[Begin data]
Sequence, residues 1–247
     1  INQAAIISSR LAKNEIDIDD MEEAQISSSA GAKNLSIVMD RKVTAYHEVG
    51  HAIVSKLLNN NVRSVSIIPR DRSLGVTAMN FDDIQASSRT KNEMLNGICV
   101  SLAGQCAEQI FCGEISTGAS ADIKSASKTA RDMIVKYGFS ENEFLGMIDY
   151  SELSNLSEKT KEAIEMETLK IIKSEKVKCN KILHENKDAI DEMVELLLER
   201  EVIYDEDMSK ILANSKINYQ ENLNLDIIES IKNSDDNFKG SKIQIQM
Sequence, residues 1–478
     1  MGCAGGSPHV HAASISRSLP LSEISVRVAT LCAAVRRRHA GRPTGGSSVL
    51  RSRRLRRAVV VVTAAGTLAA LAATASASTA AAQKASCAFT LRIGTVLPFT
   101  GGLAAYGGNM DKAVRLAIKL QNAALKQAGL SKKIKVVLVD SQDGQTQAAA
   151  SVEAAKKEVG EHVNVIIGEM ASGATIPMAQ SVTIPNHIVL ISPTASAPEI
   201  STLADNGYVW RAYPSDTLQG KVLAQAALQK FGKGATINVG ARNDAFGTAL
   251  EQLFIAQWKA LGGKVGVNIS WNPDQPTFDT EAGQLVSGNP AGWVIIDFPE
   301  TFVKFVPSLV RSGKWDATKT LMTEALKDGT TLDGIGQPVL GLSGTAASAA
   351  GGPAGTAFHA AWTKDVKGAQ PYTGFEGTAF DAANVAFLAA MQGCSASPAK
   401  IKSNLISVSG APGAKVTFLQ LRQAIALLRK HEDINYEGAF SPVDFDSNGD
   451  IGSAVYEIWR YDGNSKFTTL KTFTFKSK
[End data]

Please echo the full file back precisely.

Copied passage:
Sequence, residues 1–247
     1  INQAAIISSR LAKNEIDIDD MEEAQISSSA GAKNLSIVMD RKVTAYHEVG
    51  HAIVSKLLNN NVRSVSIIPR DRSLGVTAMN FDDIQASSRT KNEMLNGICV
   101  SLAGQCAEQI FCGEISTGAS ADIKSASKTA RDMIVKYGFS ENEFLGMIDY
   151  SELSNLSEKT KEAIEMETLK IIKSEKVKCN KILHENKDAI DEMVELLLER
   201  EVIYDEDMSK ILANSKINYQ ENLNLDIIES IKNSDDNFKG SKIQIQM
Sequence, residues 1–478
     1  MGCAGGSPHV HAASISRSLP LSEISVRVAT LCAAVRRRHA GRPTGGSSVL
    51  RSRRLRRAVV VVTAAGTLAA LAATASASTA AAQKASCAFT LRIGTVLPFT
   101  GGLAAYGGNM DKAVRLAIKL QNAALKQAGL SKKIKVVLVD SQDGQTQAAA
   151  SVEAAKKEVG EHVNVIIGEM ASGATIPMAQ SVTIPNHIVL ISPTASAPEI
   201  STLADNGYVW RAYPSDTLQG KVLAQAALQK FGKGATINVG ARNDAFGTAL
   251  EQLFIAQWKA LGGKVGVNIS WNPDQPTFDT EAGQLVSGNP AGWVIIDFPE
   301  TFVKFVPSLV RSGKWDATKT LMTEALKDGT TLDGIGQPVL GLSGTAASAA
   351  GGPAGTAFHA AWTKDVKGAQ PYTGFEGTAF DAANVAFLAA MQGCSASPAK
   401  IKSNLISVSG APGAKVTFLQ LRQAIALLRK HEDINYEGAF SPVDFDSNGD
   451  IGSAVYEIWR YDGNSKFTTL KTFTFKSK